Principal turnover rates have been rising, with some surveys suggesting that as many as 4 in 10 principals expect to leave their profession in the next three years. But positive psychology techniques can help reduce principal burnout and potentially bring down turnover rates in the long run.
That’s according to Eleanor Su-Keene, a doctoral candidate in educational leadership at Florida Atlantic University, and David DeMatthews, an associate professor at the University of Texas at Austin.
“Historically, psychology has been focused around the ailments and the problematic issues with human mental health,” Su-Keene said. “But positive psychology is kind of refocusing on some of the elements of being human that are really powerful, [by] enhancing well-being and positivity.”
Through their research, Su-Keene and DeMatthews wanted to not just study burnout in school principals, but also provide evidence-based practices that could improve school leaders’ mental well-being.
“So [we’re] not just looking at how difficult and stressful the job could be, but what can we actually do to help principals,” said DeMatthews.
Their research provides individual and district-level recommendations to show how proven positive psychology strategies can be used to reduce job stress in school principals. Here are seven lessons drawn from their research article, which was published The Clearing House: A Journal of Educational Strategies, Issues, and Ideas:
1) ‘Savoring the moment’
Su-Keene and DeMatthews define savoring as “the psychological process of noticing and deepening the experience of positive emotions.”
Principals should recognize positive experiences like watching a school play set up by students or having a former student speak about the school’s positive impact, and try to be mindful of the positive feelings they experience during these moments.
By doing so, they can “deepen the experience by focusing and sharpening the physical sensations around that positive feeling,” such as smiling or laughing, according to the study.
2) Memory-building promotes positive feelings
When going through positive experiences, principals should slow the moment down in their mind and try to build a mental picture, the research suggests.
This way, they can savor the memory, both during the moment and over the long-term.
3) Savor moments in retrospect
One way principals can hold onto and enjoy memories in the long term is by journaling positive workplace experiences and reflecting on them.
DeMatthew’s prior research found that while principals do experience large amounts of stress at their job, they also experience moments of pride and joy in their work.
“We know in our work and in our research that principals are enjoying things about leadership on a daily basis,” Su-Keene said. “There are things happening inside classrooms, inside schools, with conversations with other teachers and students that are really meaningful.”
The research found that by recalling these memories, principals can further boost positive feelings they experience from their work.
4) “Cultivating sacred moments” can help
According to the article, “principals often find strength by turning inward toward their ‘why’ or purpose.”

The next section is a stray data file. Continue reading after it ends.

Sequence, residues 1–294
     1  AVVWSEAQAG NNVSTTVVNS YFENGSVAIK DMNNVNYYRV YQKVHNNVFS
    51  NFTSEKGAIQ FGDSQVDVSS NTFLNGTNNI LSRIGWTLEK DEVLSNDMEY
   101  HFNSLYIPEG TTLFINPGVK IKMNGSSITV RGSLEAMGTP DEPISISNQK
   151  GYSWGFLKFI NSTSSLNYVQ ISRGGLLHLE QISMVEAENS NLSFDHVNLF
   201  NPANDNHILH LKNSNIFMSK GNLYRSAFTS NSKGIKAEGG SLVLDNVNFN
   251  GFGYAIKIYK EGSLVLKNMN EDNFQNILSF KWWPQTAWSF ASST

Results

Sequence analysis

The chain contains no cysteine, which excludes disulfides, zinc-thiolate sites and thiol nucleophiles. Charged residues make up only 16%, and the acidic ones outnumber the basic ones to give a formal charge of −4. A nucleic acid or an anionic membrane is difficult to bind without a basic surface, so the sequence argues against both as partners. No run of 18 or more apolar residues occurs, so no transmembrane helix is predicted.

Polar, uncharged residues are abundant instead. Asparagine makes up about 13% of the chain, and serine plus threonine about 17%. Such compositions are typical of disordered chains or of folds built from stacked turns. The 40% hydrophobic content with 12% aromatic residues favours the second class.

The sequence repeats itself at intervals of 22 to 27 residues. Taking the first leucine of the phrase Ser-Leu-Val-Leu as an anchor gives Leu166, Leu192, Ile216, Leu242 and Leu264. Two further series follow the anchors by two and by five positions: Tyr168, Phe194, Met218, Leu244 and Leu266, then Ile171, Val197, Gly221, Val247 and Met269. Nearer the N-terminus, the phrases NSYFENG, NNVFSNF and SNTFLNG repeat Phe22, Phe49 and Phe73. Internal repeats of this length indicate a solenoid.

By identifying certain moments in the school setting as sacred, in that they stand out as special and timeless, principals can find a sense of purpose in the work they do.
These moments can be incorporated as part of a routine (for example, focusing on the moment of welcoming students into school every morning), or symbolized with a sentimental keepsake like a gift or a drawing received from a student.
5) Districts can provide cognitive behavioral coaching
Cognitive behavioral coaches work with principals confidentially in a safe space and help them set small goals in working toward a healthy and positive sense of self.
“We encourage districts to have ... systems and people in place that can support principals on a coaching level,” Su-Keene said.
By providing this solutions-focused coaching, principals can “address stressors and feel confident in their strengths and efforts as they work towards their goals,” the research says.
6) Principal supervisors can be trained in positive psychology interventions
DeMatthews and Su-Keene’s research suggests that in districts that provide mental health resources to school staff, principal supervisors should be trained in positive psychology interventions or PPIs.
“We encourage the supervisors to be cognizant of the ailments and the problems and all of the really negative stuff that’s occurring for educators and principals right now,” Su-Keene said, so that they can provide school staff with much-needed mental health support.
These PPIs could include providing principals with training sessions on self care and managing job-related stress, as well as creating a broader mental health support network.
7) Provide spaces for principals to complain
Principals need to kvetch, too. One unusual suggestion the research puts forth is to create effective safe spaces for principals to voice their complaints.
“In the literature, complaining gets a really bad rep,” Su-Keene said. “But it has been shown to be an effective way of releasing some of that stress; being able to talk about complaints but not just in feeling negativity, but actually effectively addressing the base of those complaints.”
By hearing complaints, she said, districts can learn more about the problems principals face and figure out ways to address these issues.